Making sourdough is both an art and a science. It requires knowledge, patience, and skill. That being said, anyone can begin with very few supplies, all you need to start is patience!
Before you preheat your oven, you will need to gather a couple of things to begin. There are many more supplies for when you are ready to get serious (I’ll do another post later on my recommendations), but here is a list of the absolute basics you will need to get started:
1. A Starter
This is the foundation of your bread and must be taken care of to see excellent results. The rumours are true, a starter is alive and will need regular tending, similar to a pet fish!
Three main ways to get your hands on a sourdough starter:
Make your own
You can actually harvest naturally occurring bacteria by mixing flour and water over the course of many days. (will insert a link of how to do it here) This will take about a week and will require some patience and attention, but is a great option if you want something free and are willing to wait.
Grab one from your local bakery
This is how I found mine. Usually, local bakeries will share a small amount of starter for free if you ask them (and maybe also politely purchase a coffee or pastry to go with it).
There are dehydrated starters available online in many places, follow the instructions for a bubbling starter in no time.
2. Measuring tools
I started with measuring cups and later bought an inexpensive kitchen scale.
3. You will also need the three other ingredients for sourdough
bread flour, water, and salt
4. A large bowl
For resting your dough in when proving and fermenting
5. A banneton
A banneton is a traditional sourdough proving basket used to rest your bread in. As a beginner, I would recommend you use a bowl and a tea towel as a make-shift banneton. Not only do they take up space, but buying a few of these can add up quickly. It’s best to make a few loaves before investing in fancy equipment!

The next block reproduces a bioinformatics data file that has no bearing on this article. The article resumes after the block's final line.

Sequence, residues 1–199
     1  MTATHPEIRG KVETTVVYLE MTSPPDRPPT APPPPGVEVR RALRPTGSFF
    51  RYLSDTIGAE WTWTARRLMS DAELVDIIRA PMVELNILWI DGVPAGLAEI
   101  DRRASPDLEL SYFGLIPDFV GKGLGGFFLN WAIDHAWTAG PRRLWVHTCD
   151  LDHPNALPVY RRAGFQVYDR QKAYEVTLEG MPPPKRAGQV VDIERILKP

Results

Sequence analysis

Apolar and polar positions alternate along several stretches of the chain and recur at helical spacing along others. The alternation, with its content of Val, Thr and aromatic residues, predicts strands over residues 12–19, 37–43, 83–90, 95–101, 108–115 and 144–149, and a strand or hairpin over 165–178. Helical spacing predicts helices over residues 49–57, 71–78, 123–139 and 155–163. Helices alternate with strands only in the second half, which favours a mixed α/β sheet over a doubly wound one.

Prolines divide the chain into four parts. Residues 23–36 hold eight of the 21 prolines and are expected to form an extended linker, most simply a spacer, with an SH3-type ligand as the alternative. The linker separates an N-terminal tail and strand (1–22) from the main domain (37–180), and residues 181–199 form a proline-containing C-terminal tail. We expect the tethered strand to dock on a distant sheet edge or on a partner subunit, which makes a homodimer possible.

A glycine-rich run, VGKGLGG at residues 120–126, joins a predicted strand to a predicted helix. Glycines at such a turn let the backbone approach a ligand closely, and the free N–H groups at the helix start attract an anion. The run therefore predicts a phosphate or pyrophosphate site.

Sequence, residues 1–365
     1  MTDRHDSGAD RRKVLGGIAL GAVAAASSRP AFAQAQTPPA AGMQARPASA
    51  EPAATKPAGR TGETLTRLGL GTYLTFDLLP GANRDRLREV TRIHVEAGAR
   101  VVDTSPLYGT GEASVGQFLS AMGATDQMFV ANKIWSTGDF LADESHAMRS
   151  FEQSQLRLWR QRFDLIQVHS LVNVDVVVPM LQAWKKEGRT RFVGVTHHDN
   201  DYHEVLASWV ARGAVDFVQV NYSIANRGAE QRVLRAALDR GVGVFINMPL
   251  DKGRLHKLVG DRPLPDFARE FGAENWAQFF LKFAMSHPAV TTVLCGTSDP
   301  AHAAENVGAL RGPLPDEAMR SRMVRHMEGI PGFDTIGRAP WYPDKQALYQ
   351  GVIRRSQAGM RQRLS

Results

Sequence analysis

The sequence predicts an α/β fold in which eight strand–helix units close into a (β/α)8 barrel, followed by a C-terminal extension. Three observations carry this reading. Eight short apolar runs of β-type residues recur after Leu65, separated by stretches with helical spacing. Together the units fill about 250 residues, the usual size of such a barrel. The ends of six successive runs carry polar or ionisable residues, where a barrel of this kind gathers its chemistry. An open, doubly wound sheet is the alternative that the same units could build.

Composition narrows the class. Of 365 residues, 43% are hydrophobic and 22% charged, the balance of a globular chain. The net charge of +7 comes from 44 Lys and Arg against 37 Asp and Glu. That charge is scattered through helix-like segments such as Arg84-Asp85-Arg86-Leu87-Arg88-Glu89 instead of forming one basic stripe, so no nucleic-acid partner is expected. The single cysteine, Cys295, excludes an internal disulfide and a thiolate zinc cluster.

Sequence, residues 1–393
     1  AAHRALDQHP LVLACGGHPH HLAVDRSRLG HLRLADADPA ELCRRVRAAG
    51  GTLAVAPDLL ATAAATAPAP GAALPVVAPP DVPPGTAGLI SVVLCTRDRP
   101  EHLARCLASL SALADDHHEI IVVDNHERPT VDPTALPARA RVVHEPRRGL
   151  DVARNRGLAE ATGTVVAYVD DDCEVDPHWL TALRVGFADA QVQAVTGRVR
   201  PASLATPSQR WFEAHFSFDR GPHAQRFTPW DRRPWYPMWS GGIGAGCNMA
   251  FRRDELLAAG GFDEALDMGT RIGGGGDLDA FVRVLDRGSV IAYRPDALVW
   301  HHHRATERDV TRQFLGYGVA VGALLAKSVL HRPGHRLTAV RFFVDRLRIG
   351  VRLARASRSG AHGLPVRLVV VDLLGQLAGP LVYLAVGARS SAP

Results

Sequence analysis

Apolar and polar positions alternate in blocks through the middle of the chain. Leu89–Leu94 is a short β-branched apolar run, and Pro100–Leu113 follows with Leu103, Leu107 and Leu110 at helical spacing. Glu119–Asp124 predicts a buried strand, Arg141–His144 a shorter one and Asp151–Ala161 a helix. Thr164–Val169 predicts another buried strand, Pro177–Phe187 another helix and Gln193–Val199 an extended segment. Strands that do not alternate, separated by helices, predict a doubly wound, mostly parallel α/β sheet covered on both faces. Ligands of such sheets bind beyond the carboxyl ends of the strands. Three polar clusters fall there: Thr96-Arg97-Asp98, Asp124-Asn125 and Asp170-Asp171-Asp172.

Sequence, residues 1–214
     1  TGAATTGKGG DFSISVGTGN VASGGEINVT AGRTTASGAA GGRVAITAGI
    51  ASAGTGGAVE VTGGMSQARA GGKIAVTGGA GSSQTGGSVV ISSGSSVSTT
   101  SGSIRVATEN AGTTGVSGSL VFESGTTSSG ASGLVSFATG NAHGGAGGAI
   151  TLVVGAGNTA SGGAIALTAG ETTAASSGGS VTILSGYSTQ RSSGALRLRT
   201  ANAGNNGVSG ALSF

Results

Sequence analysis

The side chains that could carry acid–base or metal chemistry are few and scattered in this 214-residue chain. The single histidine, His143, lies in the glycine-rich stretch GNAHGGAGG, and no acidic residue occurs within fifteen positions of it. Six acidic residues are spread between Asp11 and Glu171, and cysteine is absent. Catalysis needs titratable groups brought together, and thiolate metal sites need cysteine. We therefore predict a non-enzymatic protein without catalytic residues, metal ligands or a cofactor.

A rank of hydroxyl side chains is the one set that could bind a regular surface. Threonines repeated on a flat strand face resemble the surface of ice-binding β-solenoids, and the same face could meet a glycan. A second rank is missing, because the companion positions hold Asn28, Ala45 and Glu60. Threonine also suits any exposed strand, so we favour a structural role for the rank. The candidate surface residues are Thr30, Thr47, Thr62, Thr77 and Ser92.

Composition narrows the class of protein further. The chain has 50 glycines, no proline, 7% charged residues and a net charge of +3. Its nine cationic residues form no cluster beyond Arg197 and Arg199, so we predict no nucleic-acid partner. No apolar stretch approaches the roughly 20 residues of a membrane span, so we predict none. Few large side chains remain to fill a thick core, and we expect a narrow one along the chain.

6. A Baker
Finally, and most importantly, you will need something with a lid to bake in. I would recommend one of three options:
Deep cast iron pan with a lid
This is a very accessible option for most people because cast irons are common and fairly inexpensive.
Dutch oven with lid
This is probably the most expensive option, especially if you want a le creuset or a staub, but if you already own one, these make great bread bakers. If you’re working with a tighter budget, you can definitely keep an eye out for a dutch oven at garage and estate sales.
This is what I use most often and am so happy with. These range in price, but are usually less than $50. The one downside of this baker is that it is not a versatile tool. Unlike the previous two options, a clay baker can only be used for bread in your kitchen. If you are running low on space or do not want to commit to homemade bread yet, I would start with a baker that can serve other purposes in your kitchen as well.
That being said, I’ve used all three of these methods and love each, so it comes down to which is already in your kitchen and how much money you want to spend.
Once you have collected these supplies, you are ready to bake!
Remember, be patient and trust the process!